"First they ignore you, then they ridicule you, then they fight you, then you win." -- Mahatma Gandhi

“Missouri Plan” Reformers Make Case to Lawmakers

February 8th, 2008 by mopns · No Comments

Judge Patricia Cohen sought to delay an announcement to the Governor and public regarding a recent court vacancy.

Being a first year law student at Tulane, I’ve taken a keen interest in the current debate regarding the so called “Missouri Plan” and it’s obvious need for reform. Of course, the Missouri Association of Trial Attorneys and their minions are in favor of maintaining the status quo. You know, I’d want the secret back room process of MATA lawyers choosing their own for judgeships to continue too, especially if it meant keeping the million dollar judgment spicket flowing.

Better Courts for Missouri, which is valiantly trying to open the process so average Missourians can see how their judges are chosen, held a press conference Tuesday on the steps of the Capitol after Judge Stith’s state of the Judiciary speech. Also, several Better Courts for Missouri coalition leaders and legal experts testified before a state legislative committee to express their concerns regarding the state of the judiciary and advocated on behalf of moderate bipartisan reforms to Missouri’s judicial selection process.

Jonathan Bunch, Executive Director, and William Placke, Co-Founder of Better Courts for Missouri, were joined by Prof. William Eckhardt, Tom Walsh, Esq. and the Honorable Sam Hais to discuss how the judicial selection process in its current form is a closed system and unaccountable to the citizens of Missouri.

“Openness and Accountability are hallmarks of any democracy. The trial attorneys and the Bar have removed this from judicial selection,” said William Placke, Co-Founder, Better Courts for Missouri.

“Currently, I find that a majority of the Missouri lawyers with whom I have spoken say that the system needs up dating but will not say so publicly because of professional pressure which is quite intense. I have been a public servant all my life and I feel strongly that such public policy issues need to be addressed. Hence my involvement. Judicial selection reform need not be a partisan political issue. Many of us are doing our best to keep it non-partisan and from unnecessarily harming the reputation of our hardworking, underpaid dedicated judiciary,” said William Eckhardt, Professor of Law & Director of Urban Affairs Outreach, University of Missouri-Kansas City School of Law.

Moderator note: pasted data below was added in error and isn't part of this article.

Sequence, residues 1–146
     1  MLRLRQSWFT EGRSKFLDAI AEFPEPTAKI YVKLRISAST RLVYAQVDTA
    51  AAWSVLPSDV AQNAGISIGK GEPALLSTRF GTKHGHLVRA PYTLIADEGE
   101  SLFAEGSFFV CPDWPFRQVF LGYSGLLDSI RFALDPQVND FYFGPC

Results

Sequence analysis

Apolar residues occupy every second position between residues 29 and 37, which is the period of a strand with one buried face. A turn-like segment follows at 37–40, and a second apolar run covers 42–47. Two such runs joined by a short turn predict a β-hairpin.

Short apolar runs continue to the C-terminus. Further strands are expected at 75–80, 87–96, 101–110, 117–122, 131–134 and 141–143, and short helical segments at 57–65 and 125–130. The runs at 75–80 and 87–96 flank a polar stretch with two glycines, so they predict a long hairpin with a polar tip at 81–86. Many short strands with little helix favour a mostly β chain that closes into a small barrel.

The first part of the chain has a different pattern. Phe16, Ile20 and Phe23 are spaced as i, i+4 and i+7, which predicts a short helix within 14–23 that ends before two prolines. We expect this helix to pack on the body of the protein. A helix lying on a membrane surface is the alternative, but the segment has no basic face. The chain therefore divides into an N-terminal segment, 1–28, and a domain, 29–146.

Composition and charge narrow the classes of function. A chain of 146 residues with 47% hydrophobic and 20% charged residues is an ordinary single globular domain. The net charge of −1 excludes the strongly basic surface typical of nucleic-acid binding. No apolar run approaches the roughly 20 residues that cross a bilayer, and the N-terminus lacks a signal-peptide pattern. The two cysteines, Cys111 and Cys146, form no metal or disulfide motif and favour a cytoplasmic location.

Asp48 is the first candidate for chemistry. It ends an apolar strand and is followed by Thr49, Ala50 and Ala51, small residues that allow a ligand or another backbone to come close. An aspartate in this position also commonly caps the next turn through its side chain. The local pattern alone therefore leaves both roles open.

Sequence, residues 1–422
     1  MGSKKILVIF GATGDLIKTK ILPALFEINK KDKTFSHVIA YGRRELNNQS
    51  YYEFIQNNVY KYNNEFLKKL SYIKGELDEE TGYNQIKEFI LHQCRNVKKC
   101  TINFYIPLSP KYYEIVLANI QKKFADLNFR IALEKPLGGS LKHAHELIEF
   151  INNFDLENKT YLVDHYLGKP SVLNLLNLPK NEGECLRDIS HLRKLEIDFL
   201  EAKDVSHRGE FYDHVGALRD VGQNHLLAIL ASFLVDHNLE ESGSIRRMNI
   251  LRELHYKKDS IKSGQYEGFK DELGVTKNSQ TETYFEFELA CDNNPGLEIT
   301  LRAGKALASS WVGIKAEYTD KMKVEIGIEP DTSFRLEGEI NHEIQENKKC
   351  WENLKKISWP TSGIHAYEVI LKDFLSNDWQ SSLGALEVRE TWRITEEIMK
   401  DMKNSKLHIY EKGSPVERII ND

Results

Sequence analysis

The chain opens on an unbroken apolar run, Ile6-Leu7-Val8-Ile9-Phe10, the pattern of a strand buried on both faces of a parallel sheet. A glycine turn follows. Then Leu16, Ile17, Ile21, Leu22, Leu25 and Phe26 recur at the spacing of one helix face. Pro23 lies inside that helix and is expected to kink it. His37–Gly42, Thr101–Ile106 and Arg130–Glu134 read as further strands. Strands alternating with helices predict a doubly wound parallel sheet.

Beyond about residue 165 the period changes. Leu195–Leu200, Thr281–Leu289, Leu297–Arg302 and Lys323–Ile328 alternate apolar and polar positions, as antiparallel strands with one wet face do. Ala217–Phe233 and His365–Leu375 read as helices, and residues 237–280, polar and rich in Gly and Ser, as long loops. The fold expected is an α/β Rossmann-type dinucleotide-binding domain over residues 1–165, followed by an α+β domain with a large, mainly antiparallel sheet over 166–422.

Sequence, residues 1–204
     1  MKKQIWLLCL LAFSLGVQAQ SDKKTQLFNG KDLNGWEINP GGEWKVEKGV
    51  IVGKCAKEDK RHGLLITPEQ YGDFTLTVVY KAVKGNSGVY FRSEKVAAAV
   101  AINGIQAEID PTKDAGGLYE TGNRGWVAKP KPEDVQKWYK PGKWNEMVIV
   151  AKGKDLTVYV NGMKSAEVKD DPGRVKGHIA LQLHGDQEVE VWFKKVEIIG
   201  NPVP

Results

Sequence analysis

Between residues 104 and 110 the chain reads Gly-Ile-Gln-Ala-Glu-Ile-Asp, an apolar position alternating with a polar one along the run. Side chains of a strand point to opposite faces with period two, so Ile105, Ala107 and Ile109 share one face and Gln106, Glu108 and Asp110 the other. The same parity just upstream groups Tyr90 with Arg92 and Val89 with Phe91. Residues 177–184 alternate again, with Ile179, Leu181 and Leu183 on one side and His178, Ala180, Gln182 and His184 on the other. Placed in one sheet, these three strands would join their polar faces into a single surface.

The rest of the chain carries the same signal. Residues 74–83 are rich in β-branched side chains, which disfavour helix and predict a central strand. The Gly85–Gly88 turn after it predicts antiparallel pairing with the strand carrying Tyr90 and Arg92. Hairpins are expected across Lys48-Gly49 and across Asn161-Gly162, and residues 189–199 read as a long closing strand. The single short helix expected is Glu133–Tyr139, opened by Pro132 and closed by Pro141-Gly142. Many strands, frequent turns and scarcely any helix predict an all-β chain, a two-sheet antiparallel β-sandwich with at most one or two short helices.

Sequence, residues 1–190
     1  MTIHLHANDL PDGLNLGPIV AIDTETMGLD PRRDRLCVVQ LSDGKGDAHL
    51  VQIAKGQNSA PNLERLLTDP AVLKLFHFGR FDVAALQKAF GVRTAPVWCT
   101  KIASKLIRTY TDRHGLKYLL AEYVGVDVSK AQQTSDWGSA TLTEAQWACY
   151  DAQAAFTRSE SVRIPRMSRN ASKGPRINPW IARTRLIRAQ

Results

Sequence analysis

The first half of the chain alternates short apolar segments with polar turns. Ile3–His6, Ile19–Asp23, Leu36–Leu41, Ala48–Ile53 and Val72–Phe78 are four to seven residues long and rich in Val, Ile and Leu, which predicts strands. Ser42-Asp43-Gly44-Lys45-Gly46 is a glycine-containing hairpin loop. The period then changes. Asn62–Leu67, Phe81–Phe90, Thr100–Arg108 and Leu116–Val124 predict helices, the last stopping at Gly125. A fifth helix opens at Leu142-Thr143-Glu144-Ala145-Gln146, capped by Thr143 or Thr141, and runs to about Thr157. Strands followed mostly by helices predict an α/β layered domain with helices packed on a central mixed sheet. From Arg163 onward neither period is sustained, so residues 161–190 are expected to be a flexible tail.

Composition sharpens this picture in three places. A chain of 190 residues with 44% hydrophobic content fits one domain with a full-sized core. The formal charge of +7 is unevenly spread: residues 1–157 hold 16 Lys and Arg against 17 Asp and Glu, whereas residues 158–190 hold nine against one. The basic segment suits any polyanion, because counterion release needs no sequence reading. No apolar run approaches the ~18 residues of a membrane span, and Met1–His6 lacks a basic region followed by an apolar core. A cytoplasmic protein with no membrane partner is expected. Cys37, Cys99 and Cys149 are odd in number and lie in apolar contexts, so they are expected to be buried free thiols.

Former 21st Judicial Circuit Judge Sam Hais stated, “Vocal challenges to the Missouri Plan’s operation eventually led Judge Warren Welliver to appear before the Missouri Senate to testify in favor of reforming the Missouri Plan. As Welliver said during his testimony, “Reduced to the plainest terms, judges have no right to pick their successors or colleagues and lawyers have no right to pick their judges.” Unfortunately, that is exactly what the current system allows. Because of these defects in the current system, public confidence in the judicial branch and the legal profession is low.”

We’ve attached below:

Written Testimony of Thomas M. Walsh – Senior Partner at large St. Louis law firm.

Written Testimony of Professor William Eckhardt, law professor at UMKC-Law

Slideshow/Testimony of Bill Placke, Vice President of Fortune 500 company in Missouri.

White Paper discussing consequences of judicial reform, written by Professor William Eckhardt and attorney John Hilton.

Written testimony of court reform activist Jim Byrne

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